How drone “friendly” are the 50 US states? According to the Virginia-based Mercatus Center, which ranks each jurisdiction based on a cluster of factors – mostly relating to laws and regulations favoring drone flights – there is a wide variation. Some states you might assume rank high – like California, a perennial trend-setter in matters of lifestyle and culture, and uber-liberal New York, one of just a handful of federally-designated drone test sites, actually rank quite low, at #18 and #36 respectively.
In fact, the states that rank highest, like Oklahoma (#1), North Dakota (#2) and Minnesota (#5), tend to be relatively large rural states, often quite conservative-leaning, with vast unpopulated territories and farmland. The need for drones – for example, in aerial surveying – is relatively high, and with few large population centers, obstacles to unrestricted drone flying are relatively few.
So why does Arizona, the nation’s 14th most populous state, with large metropolises like Phoenix and Tucson and lots of medium-sized cities like Avondale and Scottsdale, still rank so high, at #6?
For one thing, the state, while larger than either Oklahoma or North Dakota, is no giant. It is far smaller than blockbusters like California or Texas, another state with a Mercatus ranking (#12) outside the top 10. It’s larger than Oklahoma, North Dakota and Minnesota, but only moderately so. Based on its geography and population size alone, one might expect Arizona to rank far lower on the Mercatus scale.
But Arizona has other characteristics that make it well suited to drone flying. One is the state’s relatively stable and moderate weather. Arizona is the second driest state in the nation and also one of the least windy. It also ranks in the bottom decile of states for annual snowfall. Wind and inclement weather conditions can heavily affect drone flying; they also affect a state’s appeal to drone investors and to government agencies looking for promising test sites. On this score, Arizona offers ideal weather conditions, some of the best in the nation, in fact.
A second factor is Arizona’s unheralded status as a leading technology center. While locales like Seattle, Silicon Valley and Boston continue to dominate the tech headlines, Arizona – and Tucson especially – has steadily ascended the ranks, establishing itself as a leader in self-driving cars, for example. The state’s also been ranked as one of the hottest areas nationwide for commercial real estate development. These two elements make Arizona highly appealing to outside investors and drone start-ups looking to set up new manufacturing and testing facilities. It helps, too, that the state provides generous tax breaks to these same companies and that aerial surveying of new estate is considered one of the drone industry’s fastest-growing niches. Even the best ground level photography can’t match the dazzling array of aerial views a drone can provide, in addition to showcasing a property’s setting. With 3D photogrammetry, drones can illustrate evolving weather and traffic patterns around a property of interest and other issues of concern to prospective buyers and investors.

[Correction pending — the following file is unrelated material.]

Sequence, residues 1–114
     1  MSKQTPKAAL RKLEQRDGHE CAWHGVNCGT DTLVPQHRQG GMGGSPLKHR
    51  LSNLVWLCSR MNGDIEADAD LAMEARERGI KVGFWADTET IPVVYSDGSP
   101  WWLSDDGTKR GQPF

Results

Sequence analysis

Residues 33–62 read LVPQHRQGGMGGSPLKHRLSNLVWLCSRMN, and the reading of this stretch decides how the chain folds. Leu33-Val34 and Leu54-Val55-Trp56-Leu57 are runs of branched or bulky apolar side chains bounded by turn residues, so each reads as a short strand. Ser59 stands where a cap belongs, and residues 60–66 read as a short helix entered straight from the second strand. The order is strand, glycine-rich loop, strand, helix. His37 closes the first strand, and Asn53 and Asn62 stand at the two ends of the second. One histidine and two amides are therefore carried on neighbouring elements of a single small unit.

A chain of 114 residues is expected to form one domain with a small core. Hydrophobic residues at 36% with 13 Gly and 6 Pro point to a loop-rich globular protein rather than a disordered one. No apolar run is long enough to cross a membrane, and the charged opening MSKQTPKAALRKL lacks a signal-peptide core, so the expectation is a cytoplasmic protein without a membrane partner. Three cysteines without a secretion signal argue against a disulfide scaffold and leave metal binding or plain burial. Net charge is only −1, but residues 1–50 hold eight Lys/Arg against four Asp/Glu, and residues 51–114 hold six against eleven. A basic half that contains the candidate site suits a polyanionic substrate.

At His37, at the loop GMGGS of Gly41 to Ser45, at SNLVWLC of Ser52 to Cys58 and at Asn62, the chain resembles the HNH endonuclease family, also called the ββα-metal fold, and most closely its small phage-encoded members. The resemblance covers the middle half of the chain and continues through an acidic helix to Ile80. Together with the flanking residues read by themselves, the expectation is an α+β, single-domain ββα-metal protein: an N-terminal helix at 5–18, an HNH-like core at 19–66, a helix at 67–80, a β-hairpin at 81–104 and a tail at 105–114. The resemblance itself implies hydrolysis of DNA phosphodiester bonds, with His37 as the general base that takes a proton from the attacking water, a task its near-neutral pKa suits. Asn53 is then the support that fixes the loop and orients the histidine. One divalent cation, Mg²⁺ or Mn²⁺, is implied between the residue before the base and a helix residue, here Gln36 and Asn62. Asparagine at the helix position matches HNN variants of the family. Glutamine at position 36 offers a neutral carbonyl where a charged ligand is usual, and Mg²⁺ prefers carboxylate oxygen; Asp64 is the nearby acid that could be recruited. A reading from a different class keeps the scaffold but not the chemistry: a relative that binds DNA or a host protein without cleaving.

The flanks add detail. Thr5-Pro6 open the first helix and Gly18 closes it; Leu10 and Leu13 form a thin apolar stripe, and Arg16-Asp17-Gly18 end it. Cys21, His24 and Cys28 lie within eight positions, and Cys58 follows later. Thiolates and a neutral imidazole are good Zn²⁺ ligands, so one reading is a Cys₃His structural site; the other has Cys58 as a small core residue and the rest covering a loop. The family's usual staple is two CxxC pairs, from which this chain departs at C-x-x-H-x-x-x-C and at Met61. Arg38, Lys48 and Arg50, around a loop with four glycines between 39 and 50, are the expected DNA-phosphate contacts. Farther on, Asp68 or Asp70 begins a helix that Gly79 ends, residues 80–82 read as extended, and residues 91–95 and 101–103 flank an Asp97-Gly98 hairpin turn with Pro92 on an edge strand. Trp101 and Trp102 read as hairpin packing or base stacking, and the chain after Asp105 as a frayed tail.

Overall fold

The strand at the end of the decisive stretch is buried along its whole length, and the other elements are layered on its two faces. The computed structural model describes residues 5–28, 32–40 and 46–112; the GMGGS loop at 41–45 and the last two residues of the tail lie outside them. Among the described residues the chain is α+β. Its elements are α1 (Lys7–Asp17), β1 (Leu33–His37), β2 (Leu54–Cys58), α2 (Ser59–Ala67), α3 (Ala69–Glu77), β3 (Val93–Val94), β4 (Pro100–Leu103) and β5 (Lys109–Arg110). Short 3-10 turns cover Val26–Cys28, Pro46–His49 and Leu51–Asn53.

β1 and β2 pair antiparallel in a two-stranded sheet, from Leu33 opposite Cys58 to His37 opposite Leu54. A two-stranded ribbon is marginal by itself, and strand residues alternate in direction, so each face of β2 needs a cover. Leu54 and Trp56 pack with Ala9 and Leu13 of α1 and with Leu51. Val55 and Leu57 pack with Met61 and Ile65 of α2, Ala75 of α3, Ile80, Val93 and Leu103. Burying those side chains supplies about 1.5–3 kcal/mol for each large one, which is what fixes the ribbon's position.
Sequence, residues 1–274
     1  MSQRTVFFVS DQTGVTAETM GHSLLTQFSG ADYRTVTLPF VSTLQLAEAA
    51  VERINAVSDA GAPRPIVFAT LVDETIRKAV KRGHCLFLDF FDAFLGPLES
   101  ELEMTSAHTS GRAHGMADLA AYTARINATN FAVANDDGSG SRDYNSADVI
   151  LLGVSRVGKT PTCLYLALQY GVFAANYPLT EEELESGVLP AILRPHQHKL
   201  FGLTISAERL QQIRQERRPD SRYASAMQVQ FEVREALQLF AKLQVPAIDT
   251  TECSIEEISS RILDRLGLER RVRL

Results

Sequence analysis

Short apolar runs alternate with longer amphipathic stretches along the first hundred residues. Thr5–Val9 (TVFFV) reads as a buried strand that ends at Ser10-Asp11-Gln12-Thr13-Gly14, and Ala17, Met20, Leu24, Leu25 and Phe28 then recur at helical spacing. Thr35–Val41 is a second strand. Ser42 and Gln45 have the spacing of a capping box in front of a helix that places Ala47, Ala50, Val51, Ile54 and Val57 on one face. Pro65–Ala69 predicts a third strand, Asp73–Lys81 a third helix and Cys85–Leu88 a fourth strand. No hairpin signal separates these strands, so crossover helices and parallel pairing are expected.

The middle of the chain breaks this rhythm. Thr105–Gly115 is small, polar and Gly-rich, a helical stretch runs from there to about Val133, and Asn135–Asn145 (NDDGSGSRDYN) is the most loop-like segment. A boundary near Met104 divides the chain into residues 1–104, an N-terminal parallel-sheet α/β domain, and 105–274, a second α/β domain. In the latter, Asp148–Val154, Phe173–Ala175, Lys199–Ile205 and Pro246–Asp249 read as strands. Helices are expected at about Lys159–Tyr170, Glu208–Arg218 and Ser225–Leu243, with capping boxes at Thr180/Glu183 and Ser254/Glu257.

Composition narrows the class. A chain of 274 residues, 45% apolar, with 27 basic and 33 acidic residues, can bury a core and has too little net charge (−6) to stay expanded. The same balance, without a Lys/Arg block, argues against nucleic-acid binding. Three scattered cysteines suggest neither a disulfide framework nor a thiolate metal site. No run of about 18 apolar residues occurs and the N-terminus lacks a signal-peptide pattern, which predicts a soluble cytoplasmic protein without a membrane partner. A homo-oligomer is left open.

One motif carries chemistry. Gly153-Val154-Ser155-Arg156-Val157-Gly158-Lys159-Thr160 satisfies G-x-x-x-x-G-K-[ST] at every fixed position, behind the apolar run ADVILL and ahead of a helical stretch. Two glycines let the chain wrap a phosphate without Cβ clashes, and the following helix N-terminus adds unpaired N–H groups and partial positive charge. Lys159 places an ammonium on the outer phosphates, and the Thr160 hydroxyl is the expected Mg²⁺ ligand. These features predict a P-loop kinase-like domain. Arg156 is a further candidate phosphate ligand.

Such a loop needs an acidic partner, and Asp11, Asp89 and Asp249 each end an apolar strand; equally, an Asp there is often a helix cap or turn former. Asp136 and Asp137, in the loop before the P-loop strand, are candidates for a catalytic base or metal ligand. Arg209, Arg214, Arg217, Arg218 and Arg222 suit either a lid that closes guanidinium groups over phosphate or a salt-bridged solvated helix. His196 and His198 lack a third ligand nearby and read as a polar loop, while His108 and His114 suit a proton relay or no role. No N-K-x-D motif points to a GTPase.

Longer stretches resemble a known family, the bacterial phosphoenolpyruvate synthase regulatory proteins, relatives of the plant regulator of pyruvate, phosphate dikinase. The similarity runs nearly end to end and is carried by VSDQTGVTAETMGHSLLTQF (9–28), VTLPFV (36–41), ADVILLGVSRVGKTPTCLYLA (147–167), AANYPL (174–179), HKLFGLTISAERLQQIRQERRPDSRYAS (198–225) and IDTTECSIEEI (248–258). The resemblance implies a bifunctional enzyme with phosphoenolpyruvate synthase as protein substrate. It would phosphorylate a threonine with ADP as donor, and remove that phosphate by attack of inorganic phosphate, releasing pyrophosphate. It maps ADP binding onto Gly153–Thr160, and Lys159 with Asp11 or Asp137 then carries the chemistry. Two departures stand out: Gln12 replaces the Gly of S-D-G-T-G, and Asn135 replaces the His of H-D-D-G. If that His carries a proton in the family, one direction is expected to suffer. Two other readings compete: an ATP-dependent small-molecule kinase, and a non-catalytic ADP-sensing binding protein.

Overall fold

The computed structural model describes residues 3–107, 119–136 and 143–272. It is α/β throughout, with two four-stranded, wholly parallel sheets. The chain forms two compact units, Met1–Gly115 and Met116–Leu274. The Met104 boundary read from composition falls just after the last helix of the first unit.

Another sign of Arizona’s burgeoning drone appeal is the decision by Walmart to choose the Copper State as one of its 6 test sites for remote package delivery in conjunction with Drone Up. Drone Up said last May that deliveries would start deliveries in Arizona by the end of the summer – but they haven’t yet. Walmart and Drone Up plans to set up 34 different remote delivery sites nationwide, a large share in Arkansas, Walmart’s corporate headquarters, but Arizona is likely to be #2, industry sources say. Arizona already has laws on the books allowing drones to fly above state and local roads without a special permit and has established a state office to coordinate drone industry expansion, including workforce development – three of the most important indicators of “drone friendliness” identified by the Mercatus Center.